Posted by: morgan1965 | August 27, 2015

Contempt of Cop Syndrome

In my last blog posting (August 17, 2015), I asked this question: “How long will America continue to inflict violence on African Americans?” This is a perplexing question, in part, because there is no substantive response or answer on the horizon. We struggle with violence in its many manifestations in our nation and in our world. In the meantime, let’s take a look at one blatant form of violence against African Americans.

Currently, there is considerable conversation in the media and in personal conversations about certain violence that has been inflicted on black people, especially unarmed black males. Let’s consider a few observations about police violence against black people.

First, there seems to be a “fear” factor [fear of black males] that prevails among some white police officers. Fear is an emotion that unchecked can cause an individual to be unpredictable in the face of apparent or perceived danger. Various scenarios have been painted in the aftermath of some deadly encounters that black males have had with the police. Consider just a few: he appeared to be holding a gun; he made a threatening move; he did not follow orders. Black males should not be feared any more or less than white males. When is it proper for a police officer to use deadly force?

Second, one veteran police chief has offered a provocative term, “contempt of cop.” This term provides some insight into the nature of certain encounters between the police and black people, both male and female. From the inception of slavery in America, the white power structure has always sought to control black people. In part, control means that one must obey the rules without failure. It also means that one must comply with orders immediately, without hesitation. Hesitation or failure to comply with orders and rules is construed as an act of defiance, disobedience and contempt. Such a response is often charged as resisting arrest by the police.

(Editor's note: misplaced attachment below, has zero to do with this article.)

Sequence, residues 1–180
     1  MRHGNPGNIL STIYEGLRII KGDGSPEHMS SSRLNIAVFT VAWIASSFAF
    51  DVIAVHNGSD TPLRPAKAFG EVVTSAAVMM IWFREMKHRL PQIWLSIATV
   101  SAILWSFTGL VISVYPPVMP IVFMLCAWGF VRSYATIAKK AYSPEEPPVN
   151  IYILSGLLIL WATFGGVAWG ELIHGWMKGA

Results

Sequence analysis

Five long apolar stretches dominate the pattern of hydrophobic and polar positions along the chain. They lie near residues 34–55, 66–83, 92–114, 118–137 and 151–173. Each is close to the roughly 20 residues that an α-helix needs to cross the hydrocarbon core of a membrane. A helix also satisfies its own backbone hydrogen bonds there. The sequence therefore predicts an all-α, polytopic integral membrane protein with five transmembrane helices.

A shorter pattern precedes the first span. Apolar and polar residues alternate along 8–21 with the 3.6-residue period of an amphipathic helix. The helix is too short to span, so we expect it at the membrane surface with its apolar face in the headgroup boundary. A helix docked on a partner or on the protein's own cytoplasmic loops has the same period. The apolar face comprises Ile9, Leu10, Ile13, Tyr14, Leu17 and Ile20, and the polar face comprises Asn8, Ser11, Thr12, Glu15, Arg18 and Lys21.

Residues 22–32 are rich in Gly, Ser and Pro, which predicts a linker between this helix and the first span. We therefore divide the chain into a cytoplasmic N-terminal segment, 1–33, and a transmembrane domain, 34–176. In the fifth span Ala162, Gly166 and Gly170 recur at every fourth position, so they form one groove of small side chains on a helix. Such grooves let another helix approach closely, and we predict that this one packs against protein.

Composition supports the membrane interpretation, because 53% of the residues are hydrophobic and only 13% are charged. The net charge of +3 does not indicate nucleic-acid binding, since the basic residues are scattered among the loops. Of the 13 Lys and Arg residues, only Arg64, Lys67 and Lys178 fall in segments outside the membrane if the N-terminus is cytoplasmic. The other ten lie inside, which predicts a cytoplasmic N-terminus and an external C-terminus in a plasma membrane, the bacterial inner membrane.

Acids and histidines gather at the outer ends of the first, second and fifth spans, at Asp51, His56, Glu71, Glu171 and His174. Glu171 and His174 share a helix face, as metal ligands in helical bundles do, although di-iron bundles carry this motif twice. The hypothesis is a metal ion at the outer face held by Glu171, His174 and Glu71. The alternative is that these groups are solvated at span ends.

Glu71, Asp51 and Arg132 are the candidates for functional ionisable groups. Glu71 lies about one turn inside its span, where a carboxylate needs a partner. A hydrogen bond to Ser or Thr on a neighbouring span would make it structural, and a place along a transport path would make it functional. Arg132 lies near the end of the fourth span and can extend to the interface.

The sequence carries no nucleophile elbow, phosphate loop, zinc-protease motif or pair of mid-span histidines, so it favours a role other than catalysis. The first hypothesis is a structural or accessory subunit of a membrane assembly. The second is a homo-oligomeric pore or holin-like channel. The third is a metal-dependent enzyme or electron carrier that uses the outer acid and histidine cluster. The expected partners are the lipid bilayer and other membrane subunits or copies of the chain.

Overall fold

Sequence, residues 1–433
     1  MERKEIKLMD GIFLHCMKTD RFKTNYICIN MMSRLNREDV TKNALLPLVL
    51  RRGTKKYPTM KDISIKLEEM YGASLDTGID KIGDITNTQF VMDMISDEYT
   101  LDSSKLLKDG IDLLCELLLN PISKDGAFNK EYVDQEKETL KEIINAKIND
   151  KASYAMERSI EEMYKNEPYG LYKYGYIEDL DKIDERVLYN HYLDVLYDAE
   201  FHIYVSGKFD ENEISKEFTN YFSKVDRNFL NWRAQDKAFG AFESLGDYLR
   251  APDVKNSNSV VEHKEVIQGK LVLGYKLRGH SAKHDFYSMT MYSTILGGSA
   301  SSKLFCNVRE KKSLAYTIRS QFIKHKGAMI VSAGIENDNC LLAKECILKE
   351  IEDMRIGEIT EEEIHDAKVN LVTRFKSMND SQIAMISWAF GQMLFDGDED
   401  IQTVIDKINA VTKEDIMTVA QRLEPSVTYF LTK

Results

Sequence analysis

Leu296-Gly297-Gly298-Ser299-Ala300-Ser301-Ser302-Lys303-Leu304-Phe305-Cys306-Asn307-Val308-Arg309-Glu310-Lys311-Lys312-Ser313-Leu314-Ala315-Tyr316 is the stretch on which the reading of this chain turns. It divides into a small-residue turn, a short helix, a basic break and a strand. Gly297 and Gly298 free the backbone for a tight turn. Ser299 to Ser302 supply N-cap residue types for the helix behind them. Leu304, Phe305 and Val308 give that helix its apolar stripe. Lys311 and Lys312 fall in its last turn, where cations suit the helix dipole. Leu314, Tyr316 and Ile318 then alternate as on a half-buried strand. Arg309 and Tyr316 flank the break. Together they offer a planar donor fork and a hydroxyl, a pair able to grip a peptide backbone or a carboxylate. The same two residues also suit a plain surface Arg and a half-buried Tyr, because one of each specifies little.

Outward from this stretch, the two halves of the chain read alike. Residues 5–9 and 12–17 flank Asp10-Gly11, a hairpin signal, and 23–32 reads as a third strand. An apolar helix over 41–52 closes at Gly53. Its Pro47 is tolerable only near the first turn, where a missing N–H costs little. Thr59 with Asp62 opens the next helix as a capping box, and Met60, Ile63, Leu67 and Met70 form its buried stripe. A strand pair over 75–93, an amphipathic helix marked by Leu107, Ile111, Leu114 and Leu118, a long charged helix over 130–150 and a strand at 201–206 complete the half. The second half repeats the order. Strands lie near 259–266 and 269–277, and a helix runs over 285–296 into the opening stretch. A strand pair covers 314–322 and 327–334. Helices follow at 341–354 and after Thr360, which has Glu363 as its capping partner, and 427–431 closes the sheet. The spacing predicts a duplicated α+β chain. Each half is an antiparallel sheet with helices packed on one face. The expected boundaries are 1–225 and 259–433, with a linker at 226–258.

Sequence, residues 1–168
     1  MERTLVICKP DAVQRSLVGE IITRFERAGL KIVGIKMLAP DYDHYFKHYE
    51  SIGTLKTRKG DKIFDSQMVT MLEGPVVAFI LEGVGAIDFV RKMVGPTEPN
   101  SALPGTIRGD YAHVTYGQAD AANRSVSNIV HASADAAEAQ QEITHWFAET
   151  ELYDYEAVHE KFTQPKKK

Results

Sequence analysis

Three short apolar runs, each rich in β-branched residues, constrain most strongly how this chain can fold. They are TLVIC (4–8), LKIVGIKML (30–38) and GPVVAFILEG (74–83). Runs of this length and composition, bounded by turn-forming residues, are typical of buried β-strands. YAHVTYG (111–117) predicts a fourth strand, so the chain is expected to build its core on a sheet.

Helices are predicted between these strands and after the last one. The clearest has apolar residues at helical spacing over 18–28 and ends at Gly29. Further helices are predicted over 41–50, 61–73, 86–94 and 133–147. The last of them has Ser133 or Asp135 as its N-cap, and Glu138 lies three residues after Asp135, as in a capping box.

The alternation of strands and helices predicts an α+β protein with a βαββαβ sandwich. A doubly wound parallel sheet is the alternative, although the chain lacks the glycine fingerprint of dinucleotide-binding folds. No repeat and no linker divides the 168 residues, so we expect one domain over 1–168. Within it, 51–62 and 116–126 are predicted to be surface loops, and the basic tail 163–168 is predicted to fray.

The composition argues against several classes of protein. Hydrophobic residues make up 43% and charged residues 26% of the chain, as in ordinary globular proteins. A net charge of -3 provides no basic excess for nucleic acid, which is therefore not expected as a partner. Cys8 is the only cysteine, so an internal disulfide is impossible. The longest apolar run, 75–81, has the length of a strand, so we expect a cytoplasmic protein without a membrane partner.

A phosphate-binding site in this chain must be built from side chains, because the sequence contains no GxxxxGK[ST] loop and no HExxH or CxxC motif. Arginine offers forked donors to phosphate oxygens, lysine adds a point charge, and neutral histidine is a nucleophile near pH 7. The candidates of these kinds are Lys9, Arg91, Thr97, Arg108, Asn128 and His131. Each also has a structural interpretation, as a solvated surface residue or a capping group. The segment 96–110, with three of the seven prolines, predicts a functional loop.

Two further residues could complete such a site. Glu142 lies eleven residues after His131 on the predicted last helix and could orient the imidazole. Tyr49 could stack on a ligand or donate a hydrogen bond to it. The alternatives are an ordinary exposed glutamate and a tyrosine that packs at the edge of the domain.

Consider the case of Sandra Bland who was stopped by a Texas police officer for failing to signal while changing lanes. In the ensuing encounter with the police officer, she allegedly declined to put out her cigarette when asked to do so by the police officer. She also did not readily get out of her car when directed to do so by the officer. This refusal led to an altercation and her arrest. That incident illustrates the concept, “contempt of cop.” Her failure to extinguish her cigarette was not an illegal act, but it was a “contempt of cop” act. Instead of complying with the request immediately, she argued with the police officer.

Third, I have the impression that a significant number of police encounters with black people that end with a death at the hands of the police generally involve white police officers. There are, of course, exceptions to this generalization. Is there a difference here; if so, why?

To be sure, all forms of violence must be addressed in meaningful ways. The community must work with the police and the police must work with the community in a mutual effort to eliminate police violence against all citizens..

Think about it!



  1. well said!

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